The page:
En español | Q: I recently got divorced and I am changing my name. How do I get my new name onto my Social Security card?
A: The first thing to do is collect the documents that prove you have legally changed your name. These might include, in your case, a divorce decree, and in other cases a marriage certificate, a naturalization certificate showing a new name, or a court order name change statement. You may also have to prove your identity and U.S. citizenship, if these are not already on record at the Social Security Administration.
The next step is to fill out an application for a Social Security card (pdf); it's the same form you used to apply for the first time. Deliver the form personally or mail it to your local Social Security office with your documents.
Be aware that all documents must be originals or copies issued by the agency involved. Social Security will not accept photocopies or even notarized copies. Any documents you provide will be returned to you with a receipt. The agency says you should get your new card in about 10 days. It will have the same number as your old card, and it will show your new name.
Q: That all sounds a bit complicated. Do I really need to go to the trouble?
A: Yes. For the smooth administration of present or future benefits, it's important that your name on the card matches your name shown on basic legal documents.
Q: So my card is basically my identity in the Social Security system?
A: Yes! The name and number on the card allow the system to keep track of your lifetime earnings and figure out your retirement and other benefits. The name and number also connect you into American society and institutions at large, which commonly use the number for personal identification. That's yet another reason to make sure that your name is right.
Q: So should I carry my card in my wallet?
A: No. Social Security advises you to leave your card at home. You don't want to risk losing it — identity thieves would find the information on it very useful. The important thing is that you know the number. You'll need it when you fill out such things as job applications and medical forms. In a few instances, such as applying for certain kinds of federal benefits, you'll need to show the actual card, but usually all you need is to know the number.
Q: I'm trying to write a family history and I am looking for the names of my ancestors. Does Social Security have some kind of list of names going way back?
A: Yes. You're referring to what's known as the Death Master File (DMF). It's a list of deaths that Social Security finds out about through its benefits system. It includes basic information about the deceased and at present has more than 87 million names on it. It's used for coordinating the end of benefit payments and combating identity theft. But it also can be very useful in researching family history.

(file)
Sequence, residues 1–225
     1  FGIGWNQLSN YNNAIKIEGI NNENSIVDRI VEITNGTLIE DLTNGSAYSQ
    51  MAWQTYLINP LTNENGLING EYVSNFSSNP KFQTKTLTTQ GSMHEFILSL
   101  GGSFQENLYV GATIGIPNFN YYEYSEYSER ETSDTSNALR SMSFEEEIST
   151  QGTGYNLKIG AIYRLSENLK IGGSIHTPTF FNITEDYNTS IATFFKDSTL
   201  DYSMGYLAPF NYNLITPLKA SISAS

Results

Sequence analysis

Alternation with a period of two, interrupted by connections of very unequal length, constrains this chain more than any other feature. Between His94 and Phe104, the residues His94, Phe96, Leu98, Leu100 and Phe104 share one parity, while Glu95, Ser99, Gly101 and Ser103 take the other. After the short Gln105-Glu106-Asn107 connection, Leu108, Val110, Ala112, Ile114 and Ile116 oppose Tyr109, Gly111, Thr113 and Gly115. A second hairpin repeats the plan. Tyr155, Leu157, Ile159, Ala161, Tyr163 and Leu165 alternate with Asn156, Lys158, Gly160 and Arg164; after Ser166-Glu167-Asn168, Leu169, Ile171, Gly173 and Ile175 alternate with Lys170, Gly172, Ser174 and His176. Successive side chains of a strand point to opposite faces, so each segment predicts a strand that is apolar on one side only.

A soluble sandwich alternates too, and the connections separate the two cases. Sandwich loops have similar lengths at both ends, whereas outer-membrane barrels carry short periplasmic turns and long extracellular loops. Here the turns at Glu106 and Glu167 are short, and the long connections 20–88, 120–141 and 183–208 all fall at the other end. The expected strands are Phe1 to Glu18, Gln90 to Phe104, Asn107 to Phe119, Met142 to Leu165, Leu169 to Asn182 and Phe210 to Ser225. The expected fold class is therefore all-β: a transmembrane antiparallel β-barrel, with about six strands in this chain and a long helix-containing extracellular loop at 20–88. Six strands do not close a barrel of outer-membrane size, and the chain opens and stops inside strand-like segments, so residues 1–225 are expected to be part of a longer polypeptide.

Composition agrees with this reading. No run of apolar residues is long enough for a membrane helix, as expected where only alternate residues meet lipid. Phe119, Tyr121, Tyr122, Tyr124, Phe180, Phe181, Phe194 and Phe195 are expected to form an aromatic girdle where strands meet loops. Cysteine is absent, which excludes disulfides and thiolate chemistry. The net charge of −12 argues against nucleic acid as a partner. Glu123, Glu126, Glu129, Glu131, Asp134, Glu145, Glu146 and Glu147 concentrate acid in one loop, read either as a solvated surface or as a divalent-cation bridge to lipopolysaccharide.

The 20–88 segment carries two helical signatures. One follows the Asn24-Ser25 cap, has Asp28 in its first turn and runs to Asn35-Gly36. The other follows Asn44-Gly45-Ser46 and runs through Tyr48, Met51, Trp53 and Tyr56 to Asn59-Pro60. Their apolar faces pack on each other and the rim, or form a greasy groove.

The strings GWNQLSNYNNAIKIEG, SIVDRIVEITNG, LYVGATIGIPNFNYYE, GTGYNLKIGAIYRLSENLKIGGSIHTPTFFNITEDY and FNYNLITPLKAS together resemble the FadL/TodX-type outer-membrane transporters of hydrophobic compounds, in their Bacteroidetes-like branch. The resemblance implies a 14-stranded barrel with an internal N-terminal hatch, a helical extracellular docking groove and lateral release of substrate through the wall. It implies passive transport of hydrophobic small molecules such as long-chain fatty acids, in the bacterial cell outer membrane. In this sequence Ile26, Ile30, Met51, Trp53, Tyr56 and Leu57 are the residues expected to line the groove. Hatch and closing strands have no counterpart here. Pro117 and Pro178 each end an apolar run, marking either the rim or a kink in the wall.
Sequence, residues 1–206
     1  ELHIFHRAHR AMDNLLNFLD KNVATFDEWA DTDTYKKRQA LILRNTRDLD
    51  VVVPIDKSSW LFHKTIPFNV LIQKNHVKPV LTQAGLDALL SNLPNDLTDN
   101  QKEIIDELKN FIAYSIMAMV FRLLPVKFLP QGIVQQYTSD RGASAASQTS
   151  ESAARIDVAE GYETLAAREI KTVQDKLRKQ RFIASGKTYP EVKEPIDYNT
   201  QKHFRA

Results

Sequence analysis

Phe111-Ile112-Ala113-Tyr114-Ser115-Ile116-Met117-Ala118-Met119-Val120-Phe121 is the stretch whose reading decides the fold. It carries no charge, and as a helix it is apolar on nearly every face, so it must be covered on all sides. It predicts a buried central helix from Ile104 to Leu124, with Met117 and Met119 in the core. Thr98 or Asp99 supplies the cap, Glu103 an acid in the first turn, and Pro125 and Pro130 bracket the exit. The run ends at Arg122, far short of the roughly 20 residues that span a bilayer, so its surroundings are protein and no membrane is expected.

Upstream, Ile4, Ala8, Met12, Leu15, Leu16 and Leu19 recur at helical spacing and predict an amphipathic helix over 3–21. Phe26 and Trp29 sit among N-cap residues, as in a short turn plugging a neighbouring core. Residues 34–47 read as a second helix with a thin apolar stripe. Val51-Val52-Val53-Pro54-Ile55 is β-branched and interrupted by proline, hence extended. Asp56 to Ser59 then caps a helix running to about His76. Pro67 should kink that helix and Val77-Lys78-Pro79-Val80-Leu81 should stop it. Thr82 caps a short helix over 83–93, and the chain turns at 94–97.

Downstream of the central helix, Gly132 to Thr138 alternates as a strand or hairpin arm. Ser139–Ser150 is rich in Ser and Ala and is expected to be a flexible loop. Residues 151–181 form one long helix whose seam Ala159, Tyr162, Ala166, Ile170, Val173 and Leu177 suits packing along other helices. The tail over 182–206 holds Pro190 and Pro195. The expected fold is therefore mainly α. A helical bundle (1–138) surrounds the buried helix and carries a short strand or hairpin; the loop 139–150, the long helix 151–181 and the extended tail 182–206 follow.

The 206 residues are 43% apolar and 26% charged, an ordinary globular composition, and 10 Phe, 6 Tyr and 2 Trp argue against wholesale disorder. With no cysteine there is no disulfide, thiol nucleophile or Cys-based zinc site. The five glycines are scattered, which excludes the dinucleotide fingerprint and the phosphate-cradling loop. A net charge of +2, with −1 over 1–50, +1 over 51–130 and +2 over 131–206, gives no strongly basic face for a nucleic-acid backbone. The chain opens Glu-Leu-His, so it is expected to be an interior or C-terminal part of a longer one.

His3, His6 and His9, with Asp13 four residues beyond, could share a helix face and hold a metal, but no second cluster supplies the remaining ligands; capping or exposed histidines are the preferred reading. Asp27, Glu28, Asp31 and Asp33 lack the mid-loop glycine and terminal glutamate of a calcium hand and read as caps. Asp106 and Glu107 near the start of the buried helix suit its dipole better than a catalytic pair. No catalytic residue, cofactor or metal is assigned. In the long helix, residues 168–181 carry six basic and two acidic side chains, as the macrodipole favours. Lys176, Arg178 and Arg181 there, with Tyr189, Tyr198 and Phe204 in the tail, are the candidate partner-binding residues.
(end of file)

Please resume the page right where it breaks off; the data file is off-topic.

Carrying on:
You can buy a copy of the DMF from the National Technical Information Service, which is part of the Commerce Department. The information is offered in several formats (including online searches) at varying costs. For more information, go to this Web page, call the NTIS at 800-363-2068 or send an email to email@example.com. Specific data from the list also is available through various commercial services.
Q: I've heard that Social Security keeps track of the names of the babies born in the United States each year. How do they get those names and what are the most popular baby names?
A: When babies are born in this country, their parents often apply right away for Social Security numbers for their new offspring, thus allowing the agency to collect the names. In 2013, the most popular boy's name was Noah, replacing Jacob, which had held the top spot since 1999. Noah has enjoyed a steady rise — he was in 24th place in 1999. Maybe his triumph last year had something to do with advance publicity for the movie Noah, starring Russell Crowe. The No. 2 name on the 2013 boys' list was Liam, perhaps reflecting the popularity of actor Liam Neeson, who starred in such films as The Chronicles of Narnia and Clash of the Titans.
Liam was followed in order by Jacob, Mason, William, Ethan, Michael, Alexander, Jayden and Daniel.
The changes in the girls' list were less dramatic. Sophia remained No. 1 for the third year. She was followed in order by Emma, Olivia, Isabella, Ava, Mia, Emily, Abigail, Madison and Elizabeth. Although Sophia tops the list, she may have a rival coming up to challenge her: Another Sofia — this one spelled with an "f" — has reached No. 13 on the list and is moving up.
Social Security administrators noticed a rise in 2013 in the popularity of two pop-culture names: Jayceon and Daleyza. Jayceon Taylor, a rapper, is the star of the VH1 cable show Marrying the Game. And preschooler Daleyza Hernandez appears on the Spanish-language reality TV series Larrymania.
Social Security has a Web page about names that lets you go much deeper into the subject and search the popularity of specific names in past years and specific states. The database goes all the way back to 1880.
Stan Hinden, a former columnist for the Washington Post, wrote How to Retire Happy: The 12 Most Important Decisions You Must Make Before You Retire. Have a question? Check out the Social Security Mailbox archive. If you don't find your answer there, send an email to the Social Security Mailbox.
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